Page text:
Help re epilepsy programs

This forum made possible through the generous support of SDN members, donors, and sponsors. Thank you.


Full Member
10+ Year Member
15+ Year Member
Aug 16, 2007
Reaction score
Hi all,

Please give your opinion for pros and cons of epilepsy fellowship at following programs:

University of Michigan

My aim of fellowship is to do 2 yr fellowship with learning epilepsy surgeries and IOM.

At this time open to both academic or large private hospital jobs after fellowship.


Members don't see this ad.
As a current resident and incoming Epilepsy fellow at UNC, I can only speak to our program. If you're looking only at 2 year programs, UNC won't be for you as it's currently only a one year program with two fellows per year. My co-fellow next year is currently my co-chief resident, and despite it being a one year program, she is planning on pursuing a career in a large academic hospital and I am already interviewing for 2016 positions at large private hospitals. With us as examples, a one year program isn't necessarily a must-have for the career paths you describe, however if you're looking to embark on a particularly high-powered research-oriented career, you'll definitely want to consider a two year fellowship. The fellowship program director has been my mentor since I was a PGY-2, and I consider her both a teacher and a dear friend. She is easily the most selfless and dedicated physician I have trained with throughout residency and medical school. If you're willing to work hard, there's nothing she won't do for you. She's a cheerleader and advocate for her fellows, which makes all the difference in the world during a busy year. It also helps that the Epilepsy division is one of the most collegial divisions in the department.

Will you work hard at UNC? Yes. It is unreasonably hard work? No. I think it's important to note that the work doesn't seem to come off as scut from what I've observed as a resident rotating through the service, but rather an attempt to help you become independent and confident quickly while giving you lots of exposure and experience. The program is well rounded and busy with 8 dedicated EMU beds and more being wired soon, a fully wired 16(ish?) bed NSICU, and a 4 bed Peds EMU. There are of course multiple cEEG units and ambulatory hookups and we have 24h tech coverage. We've got a busy surgical program with 1-2 surgeries per month and multiple Phase II evals going at a time. We've recently started doing RNS cases and have done three cases in as many months of doing it. We're looking to start thermal ablation cases in the very near future, so fellows for 2016 and beyond can expect to get experience in this as well.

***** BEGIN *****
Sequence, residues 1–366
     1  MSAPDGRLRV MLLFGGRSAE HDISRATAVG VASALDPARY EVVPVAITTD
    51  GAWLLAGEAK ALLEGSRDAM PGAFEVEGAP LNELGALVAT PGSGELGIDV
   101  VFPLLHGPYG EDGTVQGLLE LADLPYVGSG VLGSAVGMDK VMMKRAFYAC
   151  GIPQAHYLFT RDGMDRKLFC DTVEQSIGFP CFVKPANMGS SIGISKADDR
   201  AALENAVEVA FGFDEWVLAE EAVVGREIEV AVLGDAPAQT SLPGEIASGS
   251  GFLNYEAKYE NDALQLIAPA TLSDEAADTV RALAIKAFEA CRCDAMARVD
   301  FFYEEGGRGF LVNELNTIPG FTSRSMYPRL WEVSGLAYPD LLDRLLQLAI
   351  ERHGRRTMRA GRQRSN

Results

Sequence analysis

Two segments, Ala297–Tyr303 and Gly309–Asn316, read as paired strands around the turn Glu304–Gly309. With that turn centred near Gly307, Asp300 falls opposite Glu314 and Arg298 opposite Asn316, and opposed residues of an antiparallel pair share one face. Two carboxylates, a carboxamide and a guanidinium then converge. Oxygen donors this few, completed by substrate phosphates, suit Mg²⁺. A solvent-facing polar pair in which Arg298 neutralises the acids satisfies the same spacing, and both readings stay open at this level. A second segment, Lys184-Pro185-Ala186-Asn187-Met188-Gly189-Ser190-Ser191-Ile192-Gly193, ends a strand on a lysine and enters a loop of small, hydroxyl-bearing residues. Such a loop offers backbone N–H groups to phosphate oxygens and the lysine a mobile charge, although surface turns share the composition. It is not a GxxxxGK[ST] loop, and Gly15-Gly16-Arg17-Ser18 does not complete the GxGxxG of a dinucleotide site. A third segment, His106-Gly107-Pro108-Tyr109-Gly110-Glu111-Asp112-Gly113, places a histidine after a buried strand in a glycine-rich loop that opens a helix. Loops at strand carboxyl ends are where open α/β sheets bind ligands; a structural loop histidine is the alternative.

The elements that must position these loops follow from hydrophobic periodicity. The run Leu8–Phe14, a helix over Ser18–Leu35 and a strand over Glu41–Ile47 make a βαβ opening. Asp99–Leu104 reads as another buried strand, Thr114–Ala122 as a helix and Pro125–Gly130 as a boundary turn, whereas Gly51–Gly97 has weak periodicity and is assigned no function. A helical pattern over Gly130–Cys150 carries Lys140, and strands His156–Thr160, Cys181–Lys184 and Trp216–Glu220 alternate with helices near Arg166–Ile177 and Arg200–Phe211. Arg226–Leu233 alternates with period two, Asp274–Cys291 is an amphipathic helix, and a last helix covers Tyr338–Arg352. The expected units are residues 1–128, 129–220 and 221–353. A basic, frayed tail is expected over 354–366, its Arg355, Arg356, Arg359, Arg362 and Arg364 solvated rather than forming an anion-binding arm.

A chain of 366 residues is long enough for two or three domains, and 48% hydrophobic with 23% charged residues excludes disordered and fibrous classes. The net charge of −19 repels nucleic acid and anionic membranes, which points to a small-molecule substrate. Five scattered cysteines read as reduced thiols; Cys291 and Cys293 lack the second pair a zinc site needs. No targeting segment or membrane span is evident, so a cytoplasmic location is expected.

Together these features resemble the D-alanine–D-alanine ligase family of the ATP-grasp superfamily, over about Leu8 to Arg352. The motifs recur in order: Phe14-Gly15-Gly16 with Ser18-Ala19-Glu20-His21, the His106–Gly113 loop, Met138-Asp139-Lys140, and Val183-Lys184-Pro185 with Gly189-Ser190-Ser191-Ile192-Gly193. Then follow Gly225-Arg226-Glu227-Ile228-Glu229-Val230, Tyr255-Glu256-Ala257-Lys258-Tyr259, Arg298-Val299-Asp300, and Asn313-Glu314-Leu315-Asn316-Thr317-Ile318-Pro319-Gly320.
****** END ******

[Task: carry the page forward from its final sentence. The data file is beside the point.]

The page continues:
The fellows take call every other night, but the residents are expected to be the first call physician for nurses and techs, so it minimizes the amount of middle of the night calls as much as possible. (I don't remember the last time I had to call the fellow in the middle of the night as a resident.) The schedule is busy, but again reasonable with regards to vacation time, and it's also a priority for the fellows to attend the annual AES meeting with attendings taking coverage to allow for this. There's also a well organized lecture schedule with book chapters, lectures, and journal clubs occurring weekly with the division and weekly per-surgical multidisciplinary conferences as well.

Another big selling point is the area. I love Chapel Hill and the whole Triangle region. You can see or do just about anything here. Big city amenities with a small town feel is what I tell most people. Chapel Hill is a small-ish university town with lots of cool shops and restaurants, and it runs directly into Durham, which has a more urban vibe (it reminds me of a smaller Austin) and Raleigh is just 20-30 minutes away depending on traffic. Cost of living is low and there are great restaurants, concerts, festivals, museums, etc. if that's your gig. There's a lot of opportunity to do things outdoors as well with a large lake nearby and the mountains 3h away and the beach and Outer Banks 2h away. The weather is fabulous with four distinct seasons and enough snow to be pretty and occasionally shut things down (read: 1 inch of now = mass chaos) but not enough that winter is miserable. While I'm a Southerner by birth and clearly biased, I know folks not from the South are sometimes hesitant to consider the area. The Triangle definitely retains the friendly nature and slower pace that comes with being below the Mason-Dixon, but it's also super progressive due to three major universities (UNC, Duke, and NC State) within a 30 minute radius of each other and the Research Triangle.

All in all, again being totally biased :D , it's been a great place to train.

Best of luck to you in your search for a fellowship!